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Celltrion close to finalizing European sales partners for new biosimilars

South Korean biosimilar developer Celltrion said Monday it is close to striking deals with multiple partners in Europe to lead the local marketing and sales of two new biosimilar drugs, ahead of their expected sales approval in the region later this year.

The announcement is aimed at “alleviating uncertainties” over the sales prospects of Celltrion’s biosimilar copies of blockbuster biologic treatments Rituxan (rituximab) and Herceptin (trastuzumab), the firm told The Korea Herald.


Truxima, Celltrion's Rituxan biosimilar, is awaiting approval by the European Medicines Agency while Herzuma, its Herceptin biosimilar, is in the final stages of phase-III clinical trials and preparing for EMA approval procedures.

Since Celltrion’s former European sales partner Pfizer terminated its licensing agreement on Celltrion’s two drugs last year, the Korean drug maker has revealed little information on its new prospective partners, sparking concerns from shareholders.

Though unable to reveal details at this point, Celltrion is “in the process of striking new licensing partnerships in each European country, with several companies showing interest,” a high-ranking company official said.

The drug maker is "looking to partner with a different company in each country, rather than passing on the drug’s licensing rights to a single company, with aims to spur competition between the different sellers."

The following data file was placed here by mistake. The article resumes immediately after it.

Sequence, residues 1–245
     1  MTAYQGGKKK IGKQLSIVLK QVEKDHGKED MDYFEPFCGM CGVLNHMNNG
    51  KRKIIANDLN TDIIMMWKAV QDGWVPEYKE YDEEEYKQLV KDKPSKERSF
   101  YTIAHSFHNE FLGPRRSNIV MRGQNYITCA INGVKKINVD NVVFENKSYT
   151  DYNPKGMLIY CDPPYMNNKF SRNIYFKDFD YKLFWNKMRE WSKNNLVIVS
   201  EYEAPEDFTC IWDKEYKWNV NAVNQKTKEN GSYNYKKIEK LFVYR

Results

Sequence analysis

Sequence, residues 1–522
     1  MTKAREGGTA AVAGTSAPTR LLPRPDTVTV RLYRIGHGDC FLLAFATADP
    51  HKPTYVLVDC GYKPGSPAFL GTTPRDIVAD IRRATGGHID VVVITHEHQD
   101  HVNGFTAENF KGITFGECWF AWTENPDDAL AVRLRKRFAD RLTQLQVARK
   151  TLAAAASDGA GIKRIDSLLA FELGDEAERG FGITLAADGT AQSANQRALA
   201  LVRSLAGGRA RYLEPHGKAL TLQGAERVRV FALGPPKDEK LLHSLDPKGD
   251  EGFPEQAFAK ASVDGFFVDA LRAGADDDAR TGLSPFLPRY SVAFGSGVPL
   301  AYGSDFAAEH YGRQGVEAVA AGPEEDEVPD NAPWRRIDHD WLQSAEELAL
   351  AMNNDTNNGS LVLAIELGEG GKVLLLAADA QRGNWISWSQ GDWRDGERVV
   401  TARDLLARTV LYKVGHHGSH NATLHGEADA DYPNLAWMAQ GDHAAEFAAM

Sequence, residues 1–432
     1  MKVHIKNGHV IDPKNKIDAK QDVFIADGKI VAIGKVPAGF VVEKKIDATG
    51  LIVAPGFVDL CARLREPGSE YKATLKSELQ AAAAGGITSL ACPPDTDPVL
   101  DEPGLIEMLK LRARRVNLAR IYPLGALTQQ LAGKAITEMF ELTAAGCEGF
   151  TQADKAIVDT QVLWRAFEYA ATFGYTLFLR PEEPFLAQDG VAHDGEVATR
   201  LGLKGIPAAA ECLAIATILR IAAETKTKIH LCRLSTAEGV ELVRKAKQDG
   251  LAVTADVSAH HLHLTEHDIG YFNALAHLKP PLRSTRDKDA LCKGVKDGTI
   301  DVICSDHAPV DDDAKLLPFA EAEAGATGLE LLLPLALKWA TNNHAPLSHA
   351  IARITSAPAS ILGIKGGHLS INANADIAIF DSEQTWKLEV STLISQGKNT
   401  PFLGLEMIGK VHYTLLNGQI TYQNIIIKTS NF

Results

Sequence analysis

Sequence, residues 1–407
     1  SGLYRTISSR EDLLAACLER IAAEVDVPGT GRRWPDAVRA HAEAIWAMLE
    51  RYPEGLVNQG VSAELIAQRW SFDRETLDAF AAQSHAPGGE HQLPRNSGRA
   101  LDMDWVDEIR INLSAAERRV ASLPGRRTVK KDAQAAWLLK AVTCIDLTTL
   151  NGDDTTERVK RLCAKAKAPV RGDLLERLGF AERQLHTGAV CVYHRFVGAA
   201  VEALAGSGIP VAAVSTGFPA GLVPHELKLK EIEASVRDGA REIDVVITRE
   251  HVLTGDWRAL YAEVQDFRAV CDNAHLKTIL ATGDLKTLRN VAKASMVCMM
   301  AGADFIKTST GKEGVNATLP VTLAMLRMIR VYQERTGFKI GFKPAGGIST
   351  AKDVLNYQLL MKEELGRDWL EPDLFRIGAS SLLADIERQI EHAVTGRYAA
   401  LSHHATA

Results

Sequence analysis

Celltrion also said that the new partnerships are being negotiated under better conditions than those formerly struck with Pfizer. These will be finalized before the two drugs are approved by the EMA.

Meanwhile, Songdo-based Celltrion already sells Remsima -- its biosimilar copy of the world’s No. 3 arthritis treatment Remicade -- in 60 countries in Europe.

Remsima is expected to enter the U.S. as early as this year, upon approval by the Food and Drug Administration, which is expected in early April.

Biosimilars refer to lower-cost copies of brand-name biologic drugs which have lost patent protection. Over the past few years, Global pharma giants including Novartis, Pfizer, and Amgen as well as local players Celltrion and Samsung Bioepis have jumped into the nascent but lucrative biosimilars market.

By Sohn Ji-young (jys@heraldcorp.com)
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